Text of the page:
While all these teams aren't necessarily — or even remotely — a fit for Abreu, the San Francisco Giants and St. Louis Cardinals both had trades rejected by Stanton, and the Cubs, Giants, Los Angeles Dodgers, Texas Rangers, San Diego Padres and Seattle Mariners all made Ohtani's list of finalists but didn't land the Japanese import. That's a lot of teams that just got a no from one or both of baseball's biggest offseason targets — not to mention the teams that couldn't get into the running in the first place.

Now, there are a lot of bats on the free-agent market, and several of the biggest ones are first basemen, no doubt affecting the market for and the likelihood of an Abreu trade. Still out there for the taking are J.D. Martinez, Eric Hosmer, Mike Moustakas, Lorenzo Cain and Carlos Santana, among others. All those guys cost is money, as opposed to one or multiple top prospects.

But Abreu's numbers over the past four seasons should at least attract the attention of a large number of teams. He's one of just three players ever (along with Joe DiMaggio and Albert Pujols, which is good company to be in) to hit 25 home runs and rack up 100 RBIs in each of his first four major league seasons. Last year, he hit 33 homers, drove in 102 runs, had a career-high 43 doubles, struck out a career-low 119 times and slashed .304/.354/.552. And Abreu is under team control for only two more seasons, meaning that any team that would trade for him wouldn't be taking on a significant amount of long-term risk in having to pay an exorbitant amount for a player moving out of his prime years.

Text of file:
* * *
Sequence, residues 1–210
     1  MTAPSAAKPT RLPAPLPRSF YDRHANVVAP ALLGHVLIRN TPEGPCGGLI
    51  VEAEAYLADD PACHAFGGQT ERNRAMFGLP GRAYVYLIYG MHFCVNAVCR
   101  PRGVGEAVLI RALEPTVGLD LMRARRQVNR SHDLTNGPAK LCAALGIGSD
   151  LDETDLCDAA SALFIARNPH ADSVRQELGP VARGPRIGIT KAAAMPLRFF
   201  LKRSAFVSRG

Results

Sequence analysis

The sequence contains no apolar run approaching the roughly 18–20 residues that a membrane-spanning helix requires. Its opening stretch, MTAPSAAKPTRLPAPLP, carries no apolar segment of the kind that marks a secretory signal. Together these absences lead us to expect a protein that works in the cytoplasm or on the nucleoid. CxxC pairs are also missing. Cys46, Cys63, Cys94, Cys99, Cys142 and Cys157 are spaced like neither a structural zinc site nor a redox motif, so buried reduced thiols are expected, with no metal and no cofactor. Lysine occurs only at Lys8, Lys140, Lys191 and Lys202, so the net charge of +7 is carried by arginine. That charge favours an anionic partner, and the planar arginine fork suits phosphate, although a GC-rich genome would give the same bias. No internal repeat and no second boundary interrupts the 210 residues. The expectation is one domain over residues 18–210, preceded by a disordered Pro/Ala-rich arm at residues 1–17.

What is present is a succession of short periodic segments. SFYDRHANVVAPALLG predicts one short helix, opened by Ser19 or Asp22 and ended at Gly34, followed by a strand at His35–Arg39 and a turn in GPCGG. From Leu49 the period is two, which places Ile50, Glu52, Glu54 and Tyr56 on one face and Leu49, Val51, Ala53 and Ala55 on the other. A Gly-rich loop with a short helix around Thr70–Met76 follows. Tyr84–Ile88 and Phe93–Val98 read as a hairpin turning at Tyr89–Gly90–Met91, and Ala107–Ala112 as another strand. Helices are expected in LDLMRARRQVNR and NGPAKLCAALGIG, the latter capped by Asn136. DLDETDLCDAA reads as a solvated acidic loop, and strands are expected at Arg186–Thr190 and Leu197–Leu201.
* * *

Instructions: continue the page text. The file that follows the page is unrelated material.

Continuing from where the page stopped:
Now, as mentioned, Rosenthal reported just a few days ago that the White Sox are likely to hang on to Abreu this offseason, citing both that aforementioned free-agent market for first basemen and a potentially high asking price. The Boston Red Sox have reportedly been interested, but the White Sox have been reportedly asking for an awful lot in return, with Hahn perhaps looking to acquire a package similar to the ones he got in deals that shipped Chris Sale, Adam Eaton and Jose Quintana away from the South Side.

But now there are teams looking to bring in an impact bat that were hoping for Stanton or Ohtani. Without them, does desperation kick in? Does the price seem a little less unreasonable? The Red Sox are especially worth noting, as they just saw their division rivals add a guy who hit 59 home runs last season and team him with another guy who hit 52 home runs last season to create the most formidable middle of the order in baseball. That could provide some extra motivation to make a move for Abreu.

Remember, too, that should Abreu start the 2018 season with the White Sox, it doesn't mean he'll end it with the White Sox — barring a still-to-come announcement of a contract extension, of course. So all these teams that missed out on Stanton and Ohtani could possibly still be looking to add a big bat a few months down the road.

The trade of Stanton has huge implications on every team in baseball, it would seem, with the very least of those being that regular offseason business can officially get started. For the White Sox, the effects could be significantly bigger than that.